The Internet of Things
From the November/December 2007 Issue
Your cell phone camera can tell you all about a product. Is this an ephemeral gimmick or a great business? Time and the market will tell, writes NICK SCHULZ.
Todd Malan is a frustrated oenophile. When he tastes a wine he likes at a restaurant, he has no handy way of recording the relevant information about it—name, vintage, region, year, and so on. Keeping a wine diary is cumbersome, and it’s notoriously difficult to remove the labels for future reference.
But Malan, who runs a trade association in Washington, has treated this frustration as an opportunity. He now sits on the board of directors of a Boston-based company called Nextcode that is playing a small role in building what’s known as the Internet of Things.
When you sit at your computer surfing cyberspace and hit on something you want to learn more about, you click a hyperlink. Why not do the same in the physical world? Malan imagined himself “clicking” on the burgundies he enjoyed and storing the information for later. He figured there must be a way to use a wireless device to accomplish the task.
Nextcode, founded in 2003, develops technologies to make the physical world clickable. It builds software platforms that transform your cell phone or personal digital assistant (PDA), like a Blackberry, into a mobile mouse, one that can help you navigate a hyperlinked world. Here’s how it works....
When you sit at your computer surfing cyberspace and hit on something you want to learn more about, you click a hyperlink. Why not do the same in the physical world?
Specially designed bar codes can be placed on physical objects. The bar codes are similar to the iconic Universal Product Codes that have been imprinted on supermarket goods since the 1970s for inventory and pricing. But instead of a series of parallel lines of varying widths, the newer codes consist of squares and rectangles. This makes a typical code look like an exceedingly difficult game of Tetris. Such codes turn out to be easier for optical scanners, such as the lens of a small camera, to read. And they can hold more data than traditional bar codes.
Using your cell phone’s camera, you snap a picture of the bar code. Software designed by Nextcode called ConnexTo does the rest. It scans the code, interprets it, and then serves up information immediately. It can present text information about the object, redirect you to a Web page, play a video or audio clip, help you make a purchase, or do just about anything else you could imagine doing in cyberspace.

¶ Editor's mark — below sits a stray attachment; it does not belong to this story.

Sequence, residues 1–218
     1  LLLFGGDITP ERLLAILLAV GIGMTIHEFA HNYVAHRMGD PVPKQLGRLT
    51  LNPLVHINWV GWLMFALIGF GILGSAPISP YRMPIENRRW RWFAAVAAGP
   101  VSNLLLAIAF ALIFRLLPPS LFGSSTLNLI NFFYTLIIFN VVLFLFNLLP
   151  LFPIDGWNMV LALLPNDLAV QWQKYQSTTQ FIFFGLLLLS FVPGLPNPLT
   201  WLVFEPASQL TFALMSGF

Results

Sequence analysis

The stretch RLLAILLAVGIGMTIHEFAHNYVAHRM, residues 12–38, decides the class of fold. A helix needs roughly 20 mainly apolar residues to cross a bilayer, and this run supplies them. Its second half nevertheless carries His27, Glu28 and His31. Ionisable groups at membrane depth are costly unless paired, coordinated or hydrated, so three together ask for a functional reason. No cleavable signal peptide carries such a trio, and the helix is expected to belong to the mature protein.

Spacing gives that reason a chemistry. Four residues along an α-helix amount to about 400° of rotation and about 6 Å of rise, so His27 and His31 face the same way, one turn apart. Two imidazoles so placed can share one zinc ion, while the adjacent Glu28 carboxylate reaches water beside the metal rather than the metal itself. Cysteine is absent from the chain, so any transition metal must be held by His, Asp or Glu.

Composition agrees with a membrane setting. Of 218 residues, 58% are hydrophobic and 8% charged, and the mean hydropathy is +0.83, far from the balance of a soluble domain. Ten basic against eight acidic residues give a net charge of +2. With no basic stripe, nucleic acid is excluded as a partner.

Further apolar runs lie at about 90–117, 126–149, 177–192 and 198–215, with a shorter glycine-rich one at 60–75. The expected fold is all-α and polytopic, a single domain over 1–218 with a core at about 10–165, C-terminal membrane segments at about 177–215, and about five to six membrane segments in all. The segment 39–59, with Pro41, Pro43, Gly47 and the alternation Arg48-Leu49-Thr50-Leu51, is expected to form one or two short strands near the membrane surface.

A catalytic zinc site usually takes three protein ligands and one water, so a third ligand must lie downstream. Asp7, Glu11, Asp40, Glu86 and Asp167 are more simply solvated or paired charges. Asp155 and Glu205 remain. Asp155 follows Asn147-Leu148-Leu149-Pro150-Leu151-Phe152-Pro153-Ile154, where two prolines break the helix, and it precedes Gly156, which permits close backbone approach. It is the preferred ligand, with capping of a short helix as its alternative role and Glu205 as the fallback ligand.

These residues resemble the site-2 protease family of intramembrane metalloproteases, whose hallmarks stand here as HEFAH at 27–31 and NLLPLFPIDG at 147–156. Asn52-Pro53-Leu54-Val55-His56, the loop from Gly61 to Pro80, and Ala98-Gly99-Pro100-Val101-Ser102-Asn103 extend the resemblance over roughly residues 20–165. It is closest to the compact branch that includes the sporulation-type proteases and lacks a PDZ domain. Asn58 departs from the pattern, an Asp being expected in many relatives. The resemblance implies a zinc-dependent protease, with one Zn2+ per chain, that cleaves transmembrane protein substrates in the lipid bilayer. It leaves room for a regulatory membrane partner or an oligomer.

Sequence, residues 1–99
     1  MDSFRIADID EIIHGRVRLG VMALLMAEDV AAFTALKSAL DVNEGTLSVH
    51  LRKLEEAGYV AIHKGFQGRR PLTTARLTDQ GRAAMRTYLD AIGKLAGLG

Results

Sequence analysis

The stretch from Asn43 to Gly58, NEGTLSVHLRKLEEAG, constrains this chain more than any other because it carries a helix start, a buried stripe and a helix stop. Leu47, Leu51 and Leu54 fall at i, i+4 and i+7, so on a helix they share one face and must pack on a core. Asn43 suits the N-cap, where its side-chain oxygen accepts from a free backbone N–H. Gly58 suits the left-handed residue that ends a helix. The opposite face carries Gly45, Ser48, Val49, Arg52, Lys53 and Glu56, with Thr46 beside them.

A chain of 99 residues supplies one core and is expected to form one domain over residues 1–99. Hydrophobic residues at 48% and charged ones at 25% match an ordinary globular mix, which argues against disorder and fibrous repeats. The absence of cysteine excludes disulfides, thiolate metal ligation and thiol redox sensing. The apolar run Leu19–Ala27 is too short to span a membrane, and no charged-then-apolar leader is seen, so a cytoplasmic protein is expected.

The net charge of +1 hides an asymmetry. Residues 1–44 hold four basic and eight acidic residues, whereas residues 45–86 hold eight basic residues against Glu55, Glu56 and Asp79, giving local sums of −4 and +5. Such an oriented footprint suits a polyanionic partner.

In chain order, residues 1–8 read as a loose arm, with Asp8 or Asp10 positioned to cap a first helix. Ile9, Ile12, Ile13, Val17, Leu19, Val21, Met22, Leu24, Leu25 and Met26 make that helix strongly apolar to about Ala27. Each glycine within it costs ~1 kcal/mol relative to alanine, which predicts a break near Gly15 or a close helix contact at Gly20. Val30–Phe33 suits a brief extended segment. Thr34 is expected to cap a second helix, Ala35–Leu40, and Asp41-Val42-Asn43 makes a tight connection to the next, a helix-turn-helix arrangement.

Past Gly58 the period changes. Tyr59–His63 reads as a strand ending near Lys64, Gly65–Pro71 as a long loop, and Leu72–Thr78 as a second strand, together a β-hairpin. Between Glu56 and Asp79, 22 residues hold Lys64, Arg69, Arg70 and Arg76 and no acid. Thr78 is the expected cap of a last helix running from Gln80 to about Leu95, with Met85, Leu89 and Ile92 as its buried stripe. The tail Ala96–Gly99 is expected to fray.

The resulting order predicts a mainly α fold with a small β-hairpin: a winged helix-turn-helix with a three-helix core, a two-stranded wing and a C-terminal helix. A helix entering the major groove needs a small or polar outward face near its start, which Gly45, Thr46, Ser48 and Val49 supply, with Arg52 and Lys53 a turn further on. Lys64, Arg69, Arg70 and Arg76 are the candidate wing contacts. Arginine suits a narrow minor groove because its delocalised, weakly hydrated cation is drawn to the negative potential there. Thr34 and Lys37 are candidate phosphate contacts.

For example, Nextcode is developing a project with Boston’s Freedom Trail (a sightseeing route) and the Wentworth Institute of Technology. The developers want to enrich the experience of visiting the city’s famous venues. By attaching scannable bar codes to plaques at these sites, visitors can download text, audio, and video to their PDAs—for viewing right away or later. The landmark sites become stops along the Internet of Things, clickable links in real life.
Several firms are trying to exploit the commercial opportunities of physical hyperlinking. Among these are Xxtreme Measures LLC, a California based marketing firm that sees brand-building potential in digital bar codes (by driving consumer traffic to stores and websites), and NeoMedia Technologies Inc. of Fort Myers, Florida, a company that makes Web-enabled handsets equipped with software to take consumers directly to pages on the mobile Internet.
By attaching scannable bar codes to plaques at these sites, visitors can download text, audio, and video to their PDAs—for viewing right away or later.
But the future of this market is uncertain. The evolution of the Internet is replete with what I call “PointCast moments.” In the mid- to late-1990s, PointCast was one of the hottest Internet properties. The firm had developed a so-called “push” technology (allowed users to customize their news feeds and have the news “pushed” to them).
The question for the architects of the Internet of Things is whether or not it’s another PointCast, or if there is a serious—and profitable—market to develop and tap.
One bright spot for developers of physical-world hyperlinking is that it’s already being adopted in Asia. Using cell phones or PDAs, McDonald’s customers in Japan access nutritional information from bar codes located on the food wrappers. And home buyers can point their PDAs at “for sale” signs, and the bar codes will give them prices,
Nextcode recently broke into the Asian market, signing a licensing deal with Smart, a wireless communications company in the Philippines with over 20 million subscribers. Smart will load ConnexTo software on all its phones, permitting users to scan bar codes. The next step is for Nextcode to cajole advertising firms and businesses to embrace physical hyperlinking and fuel the Internet era’s next killer app—and not just in the Philippines.
How likely is it you will want to use your mobile phone as a mouse? Time, and the market, will tell.
Nick Schulz is senior editor of THE AMERICAN and writes the Techno-Ideas column. He is also editor of TCSDaily.com.
Image credit: photography from istockphoto.
Image credit: photography from istockphoto.